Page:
Eric Radman : a Journal

Mounting ISO Images

My installation server is an Open VM running where I mount these images directly.

OpenBSD loopback Mount

vnconfig vnd0 /var/www/htdocs/Rocky-8.7-x86_64-dvd1.iso
vnconfig vnd1 /var/www/htdocs/Rocky-9.0-x86_64-dvd.iso
vnconfig vnd2 /var/www/htdocs/Fedora-Everything-netinst-x86_64-36-1.5.iso

mount_cd9660 /dev/vnd0c /var/www/htdocs/pub/rocky8
mount_cd9660 /dev/vnd1c /var/www/htdocs/pub/rocky9
mount_cd9660 /dev/vnd2c /var/www/htdocs/pub/fedora36

These can remain mounted or copied to directories and unmounted.

The OpenBSD kernel uses many pre-allocated data structures, so to support more vnd devices we need to reboot and in config mode

boot> boot -c
booting hd0a:/bsd: 15648024+3699720+352288+0+1175552 [1145757+128+1220904+924861]=0x170ee08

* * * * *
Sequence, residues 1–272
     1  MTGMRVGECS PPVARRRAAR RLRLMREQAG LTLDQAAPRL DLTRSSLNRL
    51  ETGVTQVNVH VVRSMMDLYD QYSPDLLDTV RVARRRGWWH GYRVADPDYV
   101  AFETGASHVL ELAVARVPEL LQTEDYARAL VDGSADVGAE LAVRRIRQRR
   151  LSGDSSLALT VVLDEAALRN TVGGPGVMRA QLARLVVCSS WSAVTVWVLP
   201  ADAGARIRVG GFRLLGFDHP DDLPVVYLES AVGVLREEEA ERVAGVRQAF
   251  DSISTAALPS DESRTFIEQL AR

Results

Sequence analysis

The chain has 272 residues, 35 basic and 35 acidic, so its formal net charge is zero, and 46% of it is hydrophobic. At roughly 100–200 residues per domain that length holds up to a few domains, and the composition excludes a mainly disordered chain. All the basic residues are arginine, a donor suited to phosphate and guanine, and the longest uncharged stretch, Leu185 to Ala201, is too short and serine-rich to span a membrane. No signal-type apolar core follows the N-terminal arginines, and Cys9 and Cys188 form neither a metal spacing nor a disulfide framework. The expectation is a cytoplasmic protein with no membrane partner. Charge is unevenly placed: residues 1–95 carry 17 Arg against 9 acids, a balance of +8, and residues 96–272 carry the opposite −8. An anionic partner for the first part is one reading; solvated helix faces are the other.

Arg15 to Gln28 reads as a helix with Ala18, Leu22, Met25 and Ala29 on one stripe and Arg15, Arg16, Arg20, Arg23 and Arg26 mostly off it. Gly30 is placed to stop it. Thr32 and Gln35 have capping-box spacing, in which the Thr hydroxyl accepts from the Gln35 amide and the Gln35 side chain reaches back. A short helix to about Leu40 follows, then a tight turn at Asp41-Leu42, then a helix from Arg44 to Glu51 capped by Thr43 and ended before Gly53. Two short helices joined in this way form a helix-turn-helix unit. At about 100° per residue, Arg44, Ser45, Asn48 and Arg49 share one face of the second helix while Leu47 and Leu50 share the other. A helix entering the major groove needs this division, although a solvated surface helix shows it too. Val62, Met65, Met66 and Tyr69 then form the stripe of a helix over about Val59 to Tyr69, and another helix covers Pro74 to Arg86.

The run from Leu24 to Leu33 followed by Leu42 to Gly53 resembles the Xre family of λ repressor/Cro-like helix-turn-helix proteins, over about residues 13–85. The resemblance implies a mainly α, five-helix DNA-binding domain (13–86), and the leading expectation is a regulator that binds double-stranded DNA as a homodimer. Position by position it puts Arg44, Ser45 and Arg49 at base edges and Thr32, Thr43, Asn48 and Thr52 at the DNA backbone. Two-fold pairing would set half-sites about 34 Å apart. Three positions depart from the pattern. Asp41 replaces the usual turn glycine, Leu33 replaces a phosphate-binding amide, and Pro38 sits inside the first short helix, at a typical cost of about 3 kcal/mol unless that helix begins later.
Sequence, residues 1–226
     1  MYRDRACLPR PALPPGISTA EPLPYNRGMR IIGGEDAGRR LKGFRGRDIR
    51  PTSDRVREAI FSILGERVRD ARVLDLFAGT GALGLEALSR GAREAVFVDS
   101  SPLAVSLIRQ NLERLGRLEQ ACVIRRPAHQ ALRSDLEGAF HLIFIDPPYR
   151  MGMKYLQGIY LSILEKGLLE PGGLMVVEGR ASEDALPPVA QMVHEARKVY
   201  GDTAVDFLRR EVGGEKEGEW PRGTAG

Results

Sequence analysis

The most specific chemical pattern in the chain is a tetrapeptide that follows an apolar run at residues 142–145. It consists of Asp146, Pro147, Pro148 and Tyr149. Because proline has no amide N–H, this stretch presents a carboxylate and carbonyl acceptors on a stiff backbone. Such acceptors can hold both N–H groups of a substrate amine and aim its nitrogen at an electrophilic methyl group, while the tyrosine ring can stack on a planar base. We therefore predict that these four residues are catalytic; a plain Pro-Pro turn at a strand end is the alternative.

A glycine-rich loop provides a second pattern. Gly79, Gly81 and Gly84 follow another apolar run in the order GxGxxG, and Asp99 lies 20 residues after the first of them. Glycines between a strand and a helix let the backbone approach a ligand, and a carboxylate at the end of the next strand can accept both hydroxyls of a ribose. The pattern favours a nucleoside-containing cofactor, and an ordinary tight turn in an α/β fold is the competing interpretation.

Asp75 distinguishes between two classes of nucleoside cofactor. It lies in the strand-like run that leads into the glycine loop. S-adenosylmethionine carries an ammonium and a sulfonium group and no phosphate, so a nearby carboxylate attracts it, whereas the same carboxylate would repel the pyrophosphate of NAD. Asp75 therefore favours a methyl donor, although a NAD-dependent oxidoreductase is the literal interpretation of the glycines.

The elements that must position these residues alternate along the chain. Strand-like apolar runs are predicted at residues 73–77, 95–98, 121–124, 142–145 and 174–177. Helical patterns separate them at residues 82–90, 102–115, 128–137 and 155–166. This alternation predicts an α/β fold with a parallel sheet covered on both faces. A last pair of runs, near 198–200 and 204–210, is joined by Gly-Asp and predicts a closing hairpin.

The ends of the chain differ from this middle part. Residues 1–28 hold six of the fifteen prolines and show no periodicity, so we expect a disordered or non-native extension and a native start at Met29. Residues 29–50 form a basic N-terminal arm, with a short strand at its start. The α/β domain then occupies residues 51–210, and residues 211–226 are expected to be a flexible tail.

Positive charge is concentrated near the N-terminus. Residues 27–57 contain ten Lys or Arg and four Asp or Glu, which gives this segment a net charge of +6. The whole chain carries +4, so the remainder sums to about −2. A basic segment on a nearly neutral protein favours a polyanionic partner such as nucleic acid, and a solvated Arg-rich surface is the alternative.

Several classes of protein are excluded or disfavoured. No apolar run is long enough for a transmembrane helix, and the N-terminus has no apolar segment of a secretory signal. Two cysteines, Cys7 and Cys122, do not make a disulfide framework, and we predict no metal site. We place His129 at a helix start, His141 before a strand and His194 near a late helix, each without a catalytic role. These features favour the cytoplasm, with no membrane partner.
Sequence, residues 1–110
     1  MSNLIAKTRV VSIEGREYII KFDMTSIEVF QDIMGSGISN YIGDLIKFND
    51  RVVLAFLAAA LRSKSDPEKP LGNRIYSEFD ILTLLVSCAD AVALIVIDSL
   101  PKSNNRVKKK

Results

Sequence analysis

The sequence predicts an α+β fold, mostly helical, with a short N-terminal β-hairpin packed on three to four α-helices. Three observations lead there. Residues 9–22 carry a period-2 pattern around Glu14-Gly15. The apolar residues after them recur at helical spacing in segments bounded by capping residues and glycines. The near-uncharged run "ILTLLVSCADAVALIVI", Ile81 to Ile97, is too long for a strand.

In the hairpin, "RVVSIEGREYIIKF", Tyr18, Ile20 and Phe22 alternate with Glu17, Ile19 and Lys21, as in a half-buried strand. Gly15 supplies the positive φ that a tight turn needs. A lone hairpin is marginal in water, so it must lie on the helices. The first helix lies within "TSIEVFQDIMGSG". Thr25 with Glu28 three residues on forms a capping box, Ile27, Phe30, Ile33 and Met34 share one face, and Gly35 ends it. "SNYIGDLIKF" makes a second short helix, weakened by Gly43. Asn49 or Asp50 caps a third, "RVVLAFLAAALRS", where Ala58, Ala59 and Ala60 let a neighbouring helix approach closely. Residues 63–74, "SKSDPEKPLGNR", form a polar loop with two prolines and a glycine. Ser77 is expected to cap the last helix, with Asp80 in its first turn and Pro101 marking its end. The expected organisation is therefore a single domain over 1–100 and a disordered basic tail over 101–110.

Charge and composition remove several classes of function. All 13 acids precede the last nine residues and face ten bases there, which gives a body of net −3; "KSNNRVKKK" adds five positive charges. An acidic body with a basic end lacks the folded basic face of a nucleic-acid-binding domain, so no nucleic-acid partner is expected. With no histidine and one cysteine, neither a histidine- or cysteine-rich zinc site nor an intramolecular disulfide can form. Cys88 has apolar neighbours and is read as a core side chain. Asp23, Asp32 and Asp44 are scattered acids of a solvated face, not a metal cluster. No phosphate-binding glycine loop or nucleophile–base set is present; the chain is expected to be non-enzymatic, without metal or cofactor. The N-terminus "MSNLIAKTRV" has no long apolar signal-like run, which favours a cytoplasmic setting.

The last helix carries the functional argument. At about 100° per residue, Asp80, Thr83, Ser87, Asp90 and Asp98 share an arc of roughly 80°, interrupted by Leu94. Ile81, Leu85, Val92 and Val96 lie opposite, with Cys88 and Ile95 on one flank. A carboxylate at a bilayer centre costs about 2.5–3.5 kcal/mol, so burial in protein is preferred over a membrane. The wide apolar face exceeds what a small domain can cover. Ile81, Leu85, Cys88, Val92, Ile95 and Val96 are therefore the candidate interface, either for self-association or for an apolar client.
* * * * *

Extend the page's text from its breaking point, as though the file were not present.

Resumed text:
User Kernel Config
UKC> find vnd
489 vnd count 4 (pseudo device)
UKC> change 489
489 vnd count 4 (pseudo device)
change (y/n) ? y
count [4] ? 9
489 vnd changed
489 vnd count 9 (pseudo device)
UKC> quit

These changes can persisted each time the kernel is reconfigured by writing /etc/

change 489

Finally create devices

cd /dev
./MAKEDEV vnd5
./MAKEDEV vnd6

UDF ISO13346 on Linux

The Windows installation media includes multiple file systems, which can be mouted on Linux

sudo mount -t udf,iso13346 -o loop,ro,unhide,uid=$(id -u),gid=$(id -g) Win11_22H2_English_x64v1.iso /mnt